About the base of numeration, I don't get fully the point about frac. If frac is defined as the part of the number being not integer it is quite straightforward to write any number as an integer part, who will remain integer relatively to any base (as long as the new base will be an integer in the original base, like 3 in base 10) and a fractional part who will be the remaining of the number. As the integer part is unchanged, the fractional part remains the same or the addition operator will not be invariant through a change of base. This relies mainly on the fact that any integer at power 0 is one....The representations of the number will differ, of course, but the integer and fractional parts will remain unchanged whatever the base. If that was not the case it will not be possible to compute floating points in base 2 and being back to base 10. I'm not talking of accuracy which is a matter of the number of digits available for the representation (1/3 is obviously not representable by a finite number of digits in base 10...).
The fact that some algorithm is base dependent is a property of the algorithm itself. The mathematical operation as you point it is a more abstract stuff.

My 2 cents..;-)


you might well be right about the base thing - i was writing at around 3am in the morning here and not 100% awake. btw, what is the exact (symbolic) integral of frac(x), i've tried asking wolfram alpha but just get an animated 'game of life' graphic that goes on forever no matter what i type in (even "2+7")

i would agree with everyone that any numeric integration method will have flaws, and at times will produce erroneous results. the algorithms generally assume they are working with a continuous function, and when presented with a discontinuity struggle.

splitting the problem down the middle:

(1) can anyone find a continuous function that [insert your favourite calculator model here] fails to be able to integrate numerically?

(2) can anyone think of a method for an algorithm to (generically) spot a discontinuity and modify its behaviour to work around it successfully in all/most cases?

and, one more question: is there an expansion of frac(x) that can be expressed in basic operators (+-/*) as is the case with all other regular functions?


can anyone find a continuous function that [insert your favourite calculator model here] fails to be able to integrate numerically?

My HP48 gives 0 as a result whereas WolframAlpha returns 2.72663x1016.


is there an expansion of frac(x) that can be expressed in basic operators (+-/*) as is the case with all other regular functions?

Only for positive values though.

Or if you prefer Fourier series:

Edited: 1 Sept 2013, 9:03 p.m. after one or more responses were posted



when evaluated numerically, what result does this give for x=0.5 or indeed any value of x where frac(x)=0.5

this equality, from the perspective of numeric integration, is as problematic as trying to numerically integrate tan(x) over a range that spans 90, 270, etc degrees, at which points the function is undefined (and not computable).


Since this function is used in RAD mode we don't have singularities at 0.5, 1.5, 2.5, ... We can't enter Pi exactly. So the best we can do is using an approximation. Thus we may get a big number as an intermediate result but we still end up with 0.5. Numerically I don't see a problem.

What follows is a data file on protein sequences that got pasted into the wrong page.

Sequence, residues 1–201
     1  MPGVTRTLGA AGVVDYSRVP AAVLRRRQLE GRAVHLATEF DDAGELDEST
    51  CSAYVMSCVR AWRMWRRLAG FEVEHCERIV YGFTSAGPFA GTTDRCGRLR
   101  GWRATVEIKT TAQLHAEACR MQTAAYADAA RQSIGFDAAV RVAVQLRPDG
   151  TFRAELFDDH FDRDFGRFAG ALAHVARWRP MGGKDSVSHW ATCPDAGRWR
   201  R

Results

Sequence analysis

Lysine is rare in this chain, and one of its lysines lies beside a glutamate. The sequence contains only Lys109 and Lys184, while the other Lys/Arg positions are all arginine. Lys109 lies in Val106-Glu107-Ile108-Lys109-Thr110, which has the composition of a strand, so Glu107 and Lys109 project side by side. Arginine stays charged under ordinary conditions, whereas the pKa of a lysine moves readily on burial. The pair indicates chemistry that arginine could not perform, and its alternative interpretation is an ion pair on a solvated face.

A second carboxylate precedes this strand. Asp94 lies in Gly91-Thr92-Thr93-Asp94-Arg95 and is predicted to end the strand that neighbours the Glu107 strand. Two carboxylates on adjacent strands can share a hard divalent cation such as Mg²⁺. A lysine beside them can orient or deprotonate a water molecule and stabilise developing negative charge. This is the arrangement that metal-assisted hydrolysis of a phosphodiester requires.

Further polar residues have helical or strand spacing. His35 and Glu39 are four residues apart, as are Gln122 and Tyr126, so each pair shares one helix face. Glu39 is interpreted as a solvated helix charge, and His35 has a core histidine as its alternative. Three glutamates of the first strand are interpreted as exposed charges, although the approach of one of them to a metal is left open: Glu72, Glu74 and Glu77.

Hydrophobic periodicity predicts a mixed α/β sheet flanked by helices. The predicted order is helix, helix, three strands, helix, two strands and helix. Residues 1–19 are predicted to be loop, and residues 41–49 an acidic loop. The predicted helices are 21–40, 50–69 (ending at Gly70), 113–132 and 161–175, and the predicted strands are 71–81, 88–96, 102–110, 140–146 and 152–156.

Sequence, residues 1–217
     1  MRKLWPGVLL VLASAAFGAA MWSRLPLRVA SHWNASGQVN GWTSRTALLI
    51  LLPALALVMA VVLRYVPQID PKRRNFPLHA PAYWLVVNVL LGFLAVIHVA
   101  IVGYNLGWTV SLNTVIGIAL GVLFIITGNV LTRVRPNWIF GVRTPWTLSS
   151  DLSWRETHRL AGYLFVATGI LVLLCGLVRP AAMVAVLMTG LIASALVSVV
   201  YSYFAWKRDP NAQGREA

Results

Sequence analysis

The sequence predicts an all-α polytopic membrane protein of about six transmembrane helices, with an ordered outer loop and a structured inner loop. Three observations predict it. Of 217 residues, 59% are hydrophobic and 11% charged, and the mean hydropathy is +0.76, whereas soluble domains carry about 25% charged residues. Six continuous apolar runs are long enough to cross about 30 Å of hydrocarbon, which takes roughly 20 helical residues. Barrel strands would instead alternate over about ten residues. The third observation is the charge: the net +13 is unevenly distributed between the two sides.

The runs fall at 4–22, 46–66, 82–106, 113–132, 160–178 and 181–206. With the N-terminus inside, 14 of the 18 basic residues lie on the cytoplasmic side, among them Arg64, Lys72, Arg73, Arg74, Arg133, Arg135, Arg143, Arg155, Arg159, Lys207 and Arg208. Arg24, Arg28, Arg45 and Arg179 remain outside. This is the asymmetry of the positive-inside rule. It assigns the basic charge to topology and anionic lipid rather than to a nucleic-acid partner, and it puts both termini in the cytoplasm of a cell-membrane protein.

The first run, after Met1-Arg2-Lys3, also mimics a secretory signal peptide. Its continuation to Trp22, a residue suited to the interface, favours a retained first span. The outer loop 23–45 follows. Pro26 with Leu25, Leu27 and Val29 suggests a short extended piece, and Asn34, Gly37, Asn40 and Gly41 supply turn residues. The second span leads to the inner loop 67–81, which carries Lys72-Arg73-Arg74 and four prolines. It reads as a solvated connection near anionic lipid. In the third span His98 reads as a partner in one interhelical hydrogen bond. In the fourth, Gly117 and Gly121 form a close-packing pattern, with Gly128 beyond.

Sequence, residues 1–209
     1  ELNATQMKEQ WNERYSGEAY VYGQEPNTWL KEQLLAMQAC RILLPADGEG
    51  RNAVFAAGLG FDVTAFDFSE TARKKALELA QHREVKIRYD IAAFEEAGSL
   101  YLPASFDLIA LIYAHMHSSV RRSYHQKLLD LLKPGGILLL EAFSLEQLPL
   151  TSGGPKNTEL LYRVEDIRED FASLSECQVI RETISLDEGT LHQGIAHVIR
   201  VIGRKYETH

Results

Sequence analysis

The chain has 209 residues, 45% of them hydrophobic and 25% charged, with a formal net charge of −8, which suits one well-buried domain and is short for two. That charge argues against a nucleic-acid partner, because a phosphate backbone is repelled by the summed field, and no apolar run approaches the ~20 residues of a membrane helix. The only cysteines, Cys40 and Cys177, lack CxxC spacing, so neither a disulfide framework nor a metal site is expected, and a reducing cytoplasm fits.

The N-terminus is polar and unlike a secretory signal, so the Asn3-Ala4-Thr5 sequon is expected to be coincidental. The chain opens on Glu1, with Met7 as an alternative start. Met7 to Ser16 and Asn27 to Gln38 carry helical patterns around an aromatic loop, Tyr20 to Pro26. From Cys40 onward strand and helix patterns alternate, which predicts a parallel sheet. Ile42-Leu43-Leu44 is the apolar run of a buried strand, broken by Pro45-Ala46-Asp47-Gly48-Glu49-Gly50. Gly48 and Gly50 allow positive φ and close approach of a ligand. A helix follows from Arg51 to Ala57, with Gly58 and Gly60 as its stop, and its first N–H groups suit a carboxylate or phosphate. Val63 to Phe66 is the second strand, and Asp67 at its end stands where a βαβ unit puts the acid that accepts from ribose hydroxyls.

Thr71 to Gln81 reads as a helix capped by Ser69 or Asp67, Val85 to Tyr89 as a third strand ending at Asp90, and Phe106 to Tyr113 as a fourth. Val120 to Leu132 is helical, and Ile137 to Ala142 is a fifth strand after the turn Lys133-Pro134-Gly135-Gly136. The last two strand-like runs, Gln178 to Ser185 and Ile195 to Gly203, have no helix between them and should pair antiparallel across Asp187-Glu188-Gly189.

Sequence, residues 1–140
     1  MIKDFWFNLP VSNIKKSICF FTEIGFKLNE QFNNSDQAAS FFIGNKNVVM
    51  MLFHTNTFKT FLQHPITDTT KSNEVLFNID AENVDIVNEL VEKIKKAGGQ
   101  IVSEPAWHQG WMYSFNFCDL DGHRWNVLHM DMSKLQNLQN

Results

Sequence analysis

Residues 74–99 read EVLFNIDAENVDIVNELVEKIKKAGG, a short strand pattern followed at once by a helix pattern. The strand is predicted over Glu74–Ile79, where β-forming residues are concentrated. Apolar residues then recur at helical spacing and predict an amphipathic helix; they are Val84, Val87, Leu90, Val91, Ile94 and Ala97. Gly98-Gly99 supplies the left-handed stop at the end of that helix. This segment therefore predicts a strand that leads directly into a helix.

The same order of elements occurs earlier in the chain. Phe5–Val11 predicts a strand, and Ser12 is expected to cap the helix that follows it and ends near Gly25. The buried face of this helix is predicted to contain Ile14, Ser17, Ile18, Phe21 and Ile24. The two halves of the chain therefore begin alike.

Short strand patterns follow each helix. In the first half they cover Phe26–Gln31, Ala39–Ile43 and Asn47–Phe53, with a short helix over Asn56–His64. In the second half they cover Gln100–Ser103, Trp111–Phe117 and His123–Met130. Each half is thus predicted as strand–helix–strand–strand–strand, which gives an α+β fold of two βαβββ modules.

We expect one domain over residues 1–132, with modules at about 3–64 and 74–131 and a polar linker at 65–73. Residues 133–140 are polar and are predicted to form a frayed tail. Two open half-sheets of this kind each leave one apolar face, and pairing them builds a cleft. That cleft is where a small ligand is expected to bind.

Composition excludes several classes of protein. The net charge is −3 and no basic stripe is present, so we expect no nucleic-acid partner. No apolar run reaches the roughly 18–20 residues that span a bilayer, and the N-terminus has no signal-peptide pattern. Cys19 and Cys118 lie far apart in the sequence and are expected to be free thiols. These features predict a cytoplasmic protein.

This is completely different from integrating tan(x) from 0 to Pi/2. Not only do we have a singularity at Pi/2, the integral does not converge.



PS: With the HP-48GX I get 1.28000000002 while the HP-15C returns 1.280000002.


It is very unlikely that the sampled points coincide with values for which the function is not defined. By the way, rewriting the function in this form won't help:


0 ENTER 6.4 Integrate B -> 1.280000002


It is very unlikely that the sampled points coincide with values for which the function is not defined.

For the simple fact that there aren't any in RAD mode.


Actually not that unlikely, even in DEG mode. For 0 and 6.4 I did get an Error 0 message, but at least for 0 and 6.3999 (in FIX 4) I got 3.0858, which is very close to the correct answer.


In RAD mode the only problematic value is 0. But this value isn't evaluated since it's the lower limit.




Try changing the upper limit by the same amount in the other direction to 6.4001 .


Alas, back to 1.2803...


In DEG mode the corresponding program using 180 instead of Pi doesn't work. For x = 1 we end up with a division by zero since tan(180) = 0. So we might want to check that case:

180 STO 0

RCL* 0
RCL/ 0

0 ENTER 6.4 Integrate B -> 1.280000000

Kind regards


Edit: Corrected STO/ by RCL/.

Edited: 1 Sept 2013, 10:54 p.m. after one or more responses were posted


Shouldn't the "STO/ 0" actually be a "RCL/ 0"?


Sure. Thanks for pointing that out.


I'd be interested to know if it is possible to calculate this with an actual WP-34S (note: display setting ALL 9), before the batteries die. I tried it with brand new batteries (3.1 V), and didn't make it.

The emulator produces 3.08034599781.


3.07830805875 after 12 minutes. Two more minutes and now 3.08173600892, but not willing to stop (last instruction is RND).
Fortunately battery life is not an issue (running on USB power).


P.S.: 3.08034599781 (Not sure about the running time, but no more than 35 minutes)

Edited: 2 Sept 2013, 11:10 p.m.


Result from Wolfram Alpha + (no result found in terms of standard mathematical functions)


consider: y = [ (x*10) - frac(x*10) ] / 10

in base 10, this yields the digit to the left of the decimal point.

That's not true. For x = Pi we get y = 3.1. How is that a digit?


yep - you are right. as i said earlier, i was half asleep when i wrote the post!

if you'll allow int(x) to return the non-fractional part, how about:

y = frac [ int(x) / 10 ] * 10